There have been a lot of grey areas over the years when it comes to drains, which has long been incredibly confusing for property owners. As a general rule when it comes to who is responsible for drains, the easiest way to look at it is – if a drain runs inside the boundaries of your property, you are usually responsible for it. However, that doesn’t tell the complete story, and the confusion often lies in the various types of pipes so it may be helpful to have a look at this in more detail.
These are often confused, but a drain is a pipe that takes waste and water away from a property, usually to connect to a series of pipes just off the property. These public pipes include sewers, which collect water and waste from the drains of lots of different properties, in order to take them off to sewage plants.
Not every property will have access to these sewers though, instead having a stand-alone septic tank, treatment plant or cesspool. As these are separate to the public sewage system, they are usually privately owned, so the owner of the property takes full responsibility for them.
There is a third type of drain, the lateral drain. These are lengths of pipe that carry wastewater towards the sewers, away from the property. They usually run away from your property boundary, under a pavement or road, but they may also run under your property depending on your situation – for example if you share a sewer with neighbours.
In October 2011, changes were made in determining who is responsible for drains in the Transfer of Private Sewers Regulations 2011. This transferred a lot of responsibility on to the property owners, both for their own drains and lateral drains. This has, though, made understanding who is responsible for drains much more straightforward.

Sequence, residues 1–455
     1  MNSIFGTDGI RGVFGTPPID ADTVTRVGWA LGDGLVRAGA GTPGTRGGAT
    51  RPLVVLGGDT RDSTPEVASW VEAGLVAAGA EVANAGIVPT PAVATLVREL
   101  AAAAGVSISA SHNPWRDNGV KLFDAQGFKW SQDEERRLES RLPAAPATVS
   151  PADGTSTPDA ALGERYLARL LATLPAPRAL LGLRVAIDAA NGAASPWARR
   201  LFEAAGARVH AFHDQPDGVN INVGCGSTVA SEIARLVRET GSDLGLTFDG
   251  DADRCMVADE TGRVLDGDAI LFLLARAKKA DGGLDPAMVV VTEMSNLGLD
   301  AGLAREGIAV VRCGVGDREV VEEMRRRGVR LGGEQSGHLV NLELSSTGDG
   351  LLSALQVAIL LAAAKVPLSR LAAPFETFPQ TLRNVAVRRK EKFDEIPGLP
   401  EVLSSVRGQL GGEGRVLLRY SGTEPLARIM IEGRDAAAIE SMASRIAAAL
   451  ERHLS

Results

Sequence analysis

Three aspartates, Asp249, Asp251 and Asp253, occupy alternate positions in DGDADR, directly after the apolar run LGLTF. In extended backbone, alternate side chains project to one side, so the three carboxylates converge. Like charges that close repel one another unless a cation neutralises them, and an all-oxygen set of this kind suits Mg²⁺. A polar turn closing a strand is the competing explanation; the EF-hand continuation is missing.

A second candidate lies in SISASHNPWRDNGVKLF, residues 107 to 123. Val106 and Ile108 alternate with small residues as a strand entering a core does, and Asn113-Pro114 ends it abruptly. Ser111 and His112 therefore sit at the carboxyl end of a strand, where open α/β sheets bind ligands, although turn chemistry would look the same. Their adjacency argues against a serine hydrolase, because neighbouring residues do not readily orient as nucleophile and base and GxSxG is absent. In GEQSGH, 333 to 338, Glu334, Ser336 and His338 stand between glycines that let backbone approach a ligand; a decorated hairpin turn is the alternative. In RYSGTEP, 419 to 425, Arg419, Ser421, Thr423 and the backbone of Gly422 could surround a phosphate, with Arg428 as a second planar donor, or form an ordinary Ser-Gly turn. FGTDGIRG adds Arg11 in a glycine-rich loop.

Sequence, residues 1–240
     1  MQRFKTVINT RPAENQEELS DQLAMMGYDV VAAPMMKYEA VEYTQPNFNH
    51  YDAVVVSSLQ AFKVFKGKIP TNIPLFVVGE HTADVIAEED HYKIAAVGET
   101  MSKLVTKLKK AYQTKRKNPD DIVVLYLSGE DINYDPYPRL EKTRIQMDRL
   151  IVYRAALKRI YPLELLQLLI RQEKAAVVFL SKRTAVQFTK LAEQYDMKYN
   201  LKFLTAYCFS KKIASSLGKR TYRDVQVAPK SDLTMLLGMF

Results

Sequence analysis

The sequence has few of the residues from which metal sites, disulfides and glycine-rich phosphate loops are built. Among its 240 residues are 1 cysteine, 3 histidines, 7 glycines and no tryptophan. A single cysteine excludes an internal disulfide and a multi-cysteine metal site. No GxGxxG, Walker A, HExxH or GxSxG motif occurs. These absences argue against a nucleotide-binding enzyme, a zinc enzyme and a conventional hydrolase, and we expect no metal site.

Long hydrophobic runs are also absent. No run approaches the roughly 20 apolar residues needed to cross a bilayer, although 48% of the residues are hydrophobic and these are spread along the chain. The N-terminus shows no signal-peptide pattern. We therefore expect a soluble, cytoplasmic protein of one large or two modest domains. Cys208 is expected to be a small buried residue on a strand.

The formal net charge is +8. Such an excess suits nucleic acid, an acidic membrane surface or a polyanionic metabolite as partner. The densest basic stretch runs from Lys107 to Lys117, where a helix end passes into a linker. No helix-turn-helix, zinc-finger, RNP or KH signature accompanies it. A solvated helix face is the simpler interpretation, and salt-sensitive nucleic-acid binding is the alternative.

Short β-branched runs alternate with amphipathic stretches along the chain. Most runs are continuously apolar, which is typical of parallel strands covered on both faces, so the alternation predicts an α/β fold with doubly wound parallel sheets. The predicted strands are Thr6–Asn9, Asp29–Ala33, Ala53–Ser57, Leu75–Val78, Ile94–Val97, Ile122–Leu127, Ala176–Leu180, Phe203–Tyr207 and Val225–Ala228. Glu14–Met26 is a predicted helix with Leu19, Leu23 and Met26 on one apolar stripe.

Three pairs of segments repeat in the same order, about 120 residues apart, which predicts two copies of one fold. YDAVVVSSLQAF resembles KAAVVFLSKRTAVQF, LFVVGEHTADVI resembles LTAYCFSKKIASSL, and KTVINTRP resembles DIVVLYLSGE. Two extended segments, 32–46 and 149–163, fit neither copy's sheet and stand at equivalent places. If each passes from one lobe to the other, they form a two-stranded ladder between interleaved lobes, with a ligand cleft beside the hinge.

Under the new rules, the main thing to consider is: are the drains inside your property boundaries, and are they connected to your property? If the answer to both of these questions is yes, it is likely that you are responsible for the drain.
You relinquish responsibility for a drain pipe at the point that it connects with an outside network of pipes, for example the main sewer line or a neighbour’s, or when it passes outside of your property boundary.
Even with the new streamlined regulations to determine who is responsible for drains, if you find that you are having a problem it is still a stressful time and it is not always clear what should be done, and who should do it.
For example, a blockage may be causing you an issue within your home, but identifying exactly where the blockage is, and therefore who is responsible for fixing it, is rarely straightforward.
If you suspect the problem is with the sewers, and away from your property boundaries, then it is a good idea to get in touch with your water company who will inspect and repair as necessary.
However, if you suspect that the problem is within the boundaries of your property, you need to take action. The best idea, initially, is to speak to a company that can conduct a full survey to discover exactly where the problem is, the extent of it, and how best to fix it.
Our CCTV drain surveys are perfect for you if you are trying to locate a problem with your drains. Using our industry leading technology, we can reach extremely long lengths, without the need for costly and time consuming excavation.
We can provide you with a full survey, detailing exactly where any issues (such as blockages or cracks in the pipework) are present, and we can even highlight problems before they happen. We can show you a live feed using our sophisticated CCTV equipment, and also provide you with a digital file for help in planning any work that is required, or providing evidence to insurance companies.
We can be with you within two hours of your call, and our highly trained staff in a friendly and professional manner to produce a survey that will not only provide you with information about your drains, but also a list of recommended next steps, if we feel that further work is needed. Get in touch with us today.